Tue 24 January 2023:
A prestigious Indian university has threatened its student union with severe disciplinary action if it proceeds with a planned screening of a BBC documentary on Prime Minister Narendra Modi because it could “disturb peace and harmony” on campus.
The documentary, which questioned Modi’s leadership during deadly riots in his home state of Gujarat in 2002, was dismissed by his administration as “propaganda.” The government also forbade its airing and the sharing of any clips on social media in the nation.
According to rights organizations, more than 2,000 people were killed during the violence that Modi oversaw in Gujarat, the majority of them Muslims.
The students’ union of New Delhi’s Jawaharlal Nehru University, long seen as a bastion of left-wing politics, said on Twitter it would screen the documentary, India: The Modi Question, at its office at 9pm (15:30 GMT) on Tuesday.
Jawahar Lal University advised the students to cancel the screening of documentary: “ India: The Modi question” .
— Amit Pandey (@yuva_journalist) January 23, 2023
The university administration said on its website it had not given permission for the documentary to be shown.
“This is to emphasise that such an unauthorised activity may disturb peace and harmony of the university campus,” the university said.
“The concerned students/individuals are firmly advised to cancel the proposed programme immediately failing which a strict disciplinary action may be initiated as per the university rules.”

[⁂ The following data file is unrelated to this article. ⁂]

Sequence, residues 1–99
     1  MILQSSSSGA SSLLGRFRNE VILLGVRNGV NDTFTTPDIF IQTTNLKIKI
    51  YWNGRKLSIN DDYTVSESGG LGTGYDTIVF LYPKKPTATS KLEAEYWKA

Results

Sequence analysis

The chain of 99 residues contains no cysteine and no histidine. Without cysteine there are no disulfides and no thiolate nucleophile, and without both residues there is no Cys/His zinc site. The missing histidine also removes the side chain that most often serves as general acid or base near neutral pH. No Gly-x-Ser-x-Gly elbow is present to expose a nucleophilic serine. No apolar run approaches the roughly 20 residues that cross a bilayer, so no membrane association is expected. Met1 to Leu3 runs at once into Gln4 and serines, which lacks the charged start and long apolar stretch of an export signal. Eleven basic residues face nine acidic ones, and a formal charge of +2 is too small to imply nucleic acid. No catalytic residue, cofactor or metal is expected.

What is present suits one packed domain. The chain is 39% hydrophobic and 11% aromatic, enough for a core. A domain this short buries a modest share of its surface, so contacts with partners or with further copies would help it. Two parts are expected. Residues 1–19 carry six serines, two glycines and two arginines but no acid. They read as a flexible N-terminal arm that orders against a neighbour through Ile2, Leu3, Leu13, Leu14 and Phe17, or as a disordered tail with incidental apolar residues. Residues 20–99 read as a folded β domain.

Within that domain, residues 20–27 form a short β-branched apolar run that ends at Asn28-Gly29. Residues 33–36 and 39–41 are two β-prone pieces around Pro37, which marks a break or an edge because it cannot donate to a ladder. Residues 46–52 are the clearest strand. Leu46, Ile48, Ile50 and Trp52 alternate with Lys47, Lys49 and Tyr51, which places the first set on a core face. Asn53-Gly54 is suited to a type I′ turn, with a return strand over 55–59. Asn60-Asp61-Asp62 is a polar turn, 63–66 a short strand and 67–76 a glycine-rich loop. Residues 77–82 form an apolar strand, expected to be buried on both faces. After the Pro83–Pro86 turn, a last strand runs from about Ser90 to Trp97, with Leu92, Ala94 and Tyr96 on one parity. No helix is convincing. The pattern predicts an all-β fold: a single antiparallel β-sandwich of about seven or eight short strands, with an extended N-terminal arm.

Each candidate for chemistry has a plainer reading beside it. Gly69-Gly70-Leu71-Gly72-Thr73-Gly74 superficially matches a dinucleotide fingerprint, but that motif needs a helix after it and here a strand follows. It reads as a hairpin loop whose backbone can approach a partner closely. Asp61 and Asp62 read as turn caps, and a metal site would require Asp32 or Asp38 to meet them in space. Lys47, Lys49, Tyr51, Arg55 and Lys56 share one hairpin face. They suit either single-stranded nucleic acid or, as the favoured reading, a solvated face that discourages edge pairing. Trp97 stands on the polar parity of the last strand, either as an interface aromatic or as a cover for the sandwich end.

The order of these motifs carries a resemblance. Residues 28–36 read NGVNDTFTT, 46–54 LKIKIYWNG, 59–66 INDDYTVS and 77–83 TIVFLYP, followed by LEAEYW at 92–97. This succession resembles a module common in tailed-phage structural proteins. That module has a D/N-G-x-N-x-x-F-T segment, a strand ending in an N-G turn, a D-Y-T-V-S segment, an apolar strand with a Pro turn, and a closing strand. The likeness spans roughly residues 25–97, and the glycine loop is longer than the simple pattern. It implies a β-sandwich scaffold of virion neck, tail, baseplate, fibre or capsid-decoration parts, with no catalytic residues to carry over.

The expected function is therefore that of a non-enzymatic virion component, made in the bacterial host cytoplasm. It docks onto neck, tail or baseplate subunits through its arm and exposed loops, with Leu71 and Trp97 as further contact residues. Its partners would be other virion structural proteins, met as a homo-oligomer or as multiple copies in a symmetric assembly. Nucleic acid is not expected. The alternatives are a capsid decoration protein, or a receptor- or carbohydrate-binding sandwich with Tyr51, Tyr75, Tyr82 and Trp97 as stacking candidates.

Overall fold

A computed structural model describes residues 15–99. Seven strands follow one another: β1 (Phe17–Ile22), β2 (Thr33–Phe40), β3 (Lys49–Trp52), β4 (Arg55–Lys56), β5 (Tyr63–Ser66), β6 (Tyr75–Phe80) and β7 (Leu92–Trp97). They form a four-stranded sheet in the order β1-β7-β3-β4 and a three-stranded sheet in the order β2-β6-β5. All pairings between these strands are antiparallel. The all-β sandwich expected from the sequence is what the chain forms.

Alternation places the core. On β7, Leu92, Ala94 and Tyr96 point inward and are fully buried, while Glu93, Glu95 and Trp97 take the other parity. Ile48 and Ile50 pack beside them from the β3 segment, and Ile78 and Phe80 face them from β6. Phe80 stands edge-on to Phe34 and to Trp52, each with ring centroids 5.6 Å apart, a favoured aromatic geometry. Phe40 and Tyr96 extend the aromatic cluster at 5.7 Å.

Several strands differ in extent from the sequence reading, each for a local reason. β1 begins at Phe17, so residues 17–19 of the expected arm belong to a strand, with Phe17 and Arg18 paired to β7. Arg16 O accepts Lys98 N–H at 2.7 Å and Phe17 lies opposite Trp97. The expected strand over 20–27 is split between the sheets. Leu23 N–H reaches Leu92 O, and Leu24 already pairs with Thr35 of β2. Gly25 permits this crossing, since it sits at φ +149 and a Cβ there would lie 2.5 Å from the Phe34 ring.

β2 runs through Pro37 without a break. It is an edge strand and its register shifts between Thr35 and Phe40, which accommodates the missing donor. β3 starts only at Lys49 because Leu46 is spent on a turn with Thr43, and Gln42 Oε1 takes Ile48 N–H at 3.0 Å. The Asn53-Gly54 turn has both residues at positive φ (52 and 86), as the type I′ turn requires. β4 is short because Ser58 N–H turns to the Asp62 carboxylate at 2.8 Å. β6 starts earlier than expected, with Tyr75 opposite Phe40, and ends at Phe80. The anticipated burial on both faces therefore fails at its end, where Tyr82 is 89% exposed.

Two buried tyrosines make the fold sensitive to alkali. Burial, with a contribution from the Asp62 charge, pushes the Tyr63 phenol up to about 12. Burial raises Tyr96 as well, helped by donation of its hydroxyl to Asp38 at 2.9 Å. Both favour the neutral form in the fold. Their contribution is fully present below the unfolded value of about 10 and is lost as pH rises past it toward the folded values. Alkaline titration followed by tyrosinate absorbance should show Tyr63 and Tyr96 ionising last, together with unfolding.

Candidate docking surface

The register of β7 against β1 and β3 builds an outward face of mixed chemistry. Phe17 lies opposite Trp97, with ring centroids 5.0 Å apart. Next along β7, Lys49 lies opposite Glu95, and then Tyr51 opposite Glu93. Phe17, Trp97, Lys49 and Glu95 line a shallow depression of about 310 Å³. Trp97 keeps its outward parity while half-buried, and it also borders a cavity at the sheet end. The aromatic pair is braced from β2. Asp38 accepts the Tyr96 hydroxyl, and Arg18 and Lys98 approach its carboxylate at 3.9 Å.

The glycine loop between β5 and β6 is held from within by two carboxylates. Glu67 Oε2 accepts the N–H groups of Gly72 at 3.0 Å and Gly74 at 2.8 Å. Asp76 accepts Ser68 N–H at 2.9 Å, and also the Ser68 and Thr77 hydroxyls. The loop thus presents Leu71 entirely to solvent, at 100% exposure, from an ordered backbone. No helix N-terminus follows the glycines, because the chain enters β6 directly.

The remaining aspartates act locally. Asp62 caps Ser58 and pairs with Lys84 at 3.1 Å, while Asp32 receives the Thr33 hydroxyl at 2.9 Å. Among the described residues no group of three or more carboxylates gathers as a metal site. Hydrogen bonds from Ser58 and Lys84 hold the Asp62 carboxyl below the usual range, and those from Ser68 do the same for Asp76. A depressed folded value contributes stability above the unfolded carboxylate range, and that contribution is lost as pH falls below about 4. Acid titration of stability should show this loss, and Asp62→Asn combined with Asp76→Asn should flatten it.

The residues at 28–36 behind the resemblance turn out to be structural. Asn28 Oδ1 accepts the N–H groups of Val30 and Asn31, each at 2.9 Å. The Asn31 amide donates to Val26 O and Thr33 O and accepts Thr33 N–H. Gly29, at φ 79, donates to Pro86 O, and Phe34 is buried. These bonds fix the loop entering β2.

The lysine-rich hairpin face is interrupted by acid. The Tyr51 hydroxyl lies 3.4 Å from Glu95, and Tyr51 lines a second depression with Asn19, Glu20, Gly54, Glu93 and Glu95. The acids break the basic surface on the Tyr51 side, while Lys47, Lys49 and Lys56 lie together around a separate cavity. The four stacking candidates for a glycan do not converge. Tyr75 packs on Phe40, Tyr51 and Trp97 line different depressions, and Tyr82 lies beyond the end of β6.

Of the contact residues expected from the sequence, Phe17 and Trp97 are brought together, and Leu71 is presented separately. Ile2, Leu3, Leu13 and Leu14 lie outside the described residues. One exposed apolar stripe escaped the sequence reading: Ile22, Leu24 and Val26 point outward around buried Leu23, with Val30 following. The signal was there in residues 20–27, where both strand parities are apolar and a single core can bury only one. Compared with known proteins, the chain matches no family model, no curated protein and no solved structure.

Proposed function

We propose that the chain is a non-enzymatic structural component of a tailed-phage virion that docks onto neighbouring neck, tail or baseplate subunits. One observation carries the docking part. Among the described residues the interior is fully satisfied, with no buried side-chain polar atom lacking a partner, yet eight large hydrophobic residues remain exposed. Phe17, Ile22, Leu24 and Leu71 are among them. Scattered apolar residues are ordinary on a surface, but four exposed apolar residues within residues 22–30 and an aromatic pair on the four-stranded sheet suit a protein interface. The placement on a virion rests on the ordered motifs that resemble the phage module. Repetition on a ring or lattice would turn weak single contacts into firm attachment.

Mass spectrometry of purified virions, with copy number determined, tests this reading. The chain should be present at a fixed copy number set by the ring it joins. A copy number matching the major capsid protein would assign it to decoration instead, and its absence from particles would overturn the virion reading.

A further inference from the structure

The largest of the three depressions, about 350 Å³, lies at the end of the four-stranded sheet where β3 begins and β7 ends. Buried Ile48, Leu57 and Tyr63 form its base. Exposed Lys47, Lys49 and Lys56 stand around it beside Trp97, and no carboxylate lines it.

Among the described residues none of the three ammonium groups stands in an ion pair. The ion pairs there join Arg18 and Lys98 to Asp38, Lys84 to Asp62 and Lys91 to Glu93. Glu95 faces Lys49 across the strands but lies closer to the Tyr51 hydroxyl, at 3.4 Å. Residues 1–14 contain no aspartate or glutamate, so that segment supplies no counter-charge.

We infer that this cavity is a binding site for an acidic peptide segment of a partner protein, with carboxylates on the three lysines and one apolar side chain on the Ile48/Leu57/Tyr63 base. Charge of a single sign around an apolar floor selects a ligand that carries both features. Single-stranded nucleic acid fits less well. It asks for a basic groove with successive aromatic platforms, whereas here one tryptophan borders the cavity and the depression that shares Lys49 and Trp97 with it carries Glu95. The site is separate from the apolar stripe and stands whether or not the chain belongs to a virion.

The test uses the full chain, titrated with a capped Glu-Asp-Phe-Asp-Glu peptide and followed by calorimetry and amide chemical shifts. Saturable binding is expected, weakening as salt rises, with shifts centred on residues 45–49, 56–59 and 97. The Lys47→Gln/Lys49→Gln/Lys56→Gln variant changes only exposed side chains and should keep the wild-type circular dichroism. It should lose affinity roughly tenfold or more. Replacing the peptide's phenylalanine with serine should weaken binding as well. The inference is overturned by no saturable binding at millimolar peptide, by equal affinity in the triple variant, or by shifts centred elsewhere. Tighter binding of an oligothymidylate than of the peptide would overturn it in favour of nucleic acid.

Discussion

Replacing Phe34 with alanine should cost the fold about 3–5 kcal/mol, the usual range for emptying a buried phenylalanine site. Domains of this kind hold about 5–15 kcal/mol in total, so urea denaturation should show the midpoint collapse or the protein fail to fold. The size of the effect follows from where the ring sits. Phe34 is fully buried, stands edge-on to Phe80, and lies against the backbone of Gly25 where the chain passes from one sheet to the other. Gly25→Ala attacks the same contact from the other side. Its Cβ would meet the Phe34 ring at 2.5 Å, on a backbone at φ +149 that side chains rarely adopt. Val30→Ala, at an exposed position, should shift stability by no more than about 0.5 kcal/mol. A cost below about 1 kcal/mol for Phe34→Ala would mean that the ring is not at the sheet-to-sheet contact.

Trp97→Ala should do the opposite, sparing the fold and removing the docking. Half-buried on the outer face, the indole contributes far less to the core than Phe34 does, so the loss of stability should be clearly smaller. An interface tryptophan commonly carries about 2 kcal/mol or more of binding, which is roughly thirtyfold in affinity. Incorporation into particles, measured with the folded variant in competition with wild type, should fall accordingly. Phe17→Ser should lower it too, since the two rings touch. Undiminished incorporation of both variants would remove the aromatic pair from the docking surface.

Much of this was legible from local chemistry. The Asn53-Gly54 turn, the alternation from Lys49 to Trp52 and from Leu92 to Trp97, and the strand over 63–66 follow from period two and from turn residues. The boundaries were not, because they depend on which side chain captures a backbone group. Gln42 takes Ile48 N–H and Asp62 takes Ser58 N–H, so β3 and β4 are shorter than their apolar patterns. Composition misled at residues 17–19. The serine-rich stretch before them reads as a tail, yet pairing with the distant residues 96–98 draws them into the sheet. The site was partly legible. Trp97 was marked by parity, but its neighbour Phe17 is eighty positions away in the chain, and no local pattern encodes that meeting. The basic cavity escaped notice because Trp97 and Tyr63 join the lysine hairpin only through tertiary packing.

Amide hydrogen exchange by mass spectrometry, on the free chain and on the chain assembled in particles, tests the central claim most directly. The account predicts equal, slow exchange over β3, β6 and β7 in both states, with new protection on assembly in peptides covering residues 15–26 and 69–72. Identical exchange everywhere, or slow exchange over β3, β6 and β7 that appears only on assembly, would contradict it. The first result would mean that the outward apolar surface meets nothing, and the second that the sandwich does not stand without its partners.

President of the union, Aishe Ghosh, invited students on Twitter to the screening of the documentary that has been “‘banned’ by an ‘elected government’ of the largest ‘democracy’”.
I think the JNU Administration missed the tweet by our PM tweeted some years back. Just reminding. We take his words quite seriously. pic.twitter.com/IeEwMoyZgz
— Aishe (ঐশী) (@aishe_ghosh) January 23, 2023
The violence in Gujarat erupted after a train carrying many Hindu pilgrims caught fire, killing 59.
Crowds later rampaged through Muslim neighbourhoods across the state, killing and raping dozens of women, in one of the worst religious massacres in India’s history.
Modi was cleared in 2012 as a result of an investigation supervised by the Supreme Court, despite denials that he did not do enough to put an end to the rioting. Last year, a different petition that contested his exoneration was denied.
The documentary, according to the BBC’s statement last week, was “rigorously researched” and featured a “wide range” of voices and viewpoints, including comments from members of Modi’s Bharatiya Janata Party (BJP).
The documentary will also be shown on Tuesday at a number of colleges in Kerala, a southern state that is currently ruled by a communist party that is opposed to the BJP.
SOURCE: INDEPENDENT PRESS AND NEWS AGENCIES
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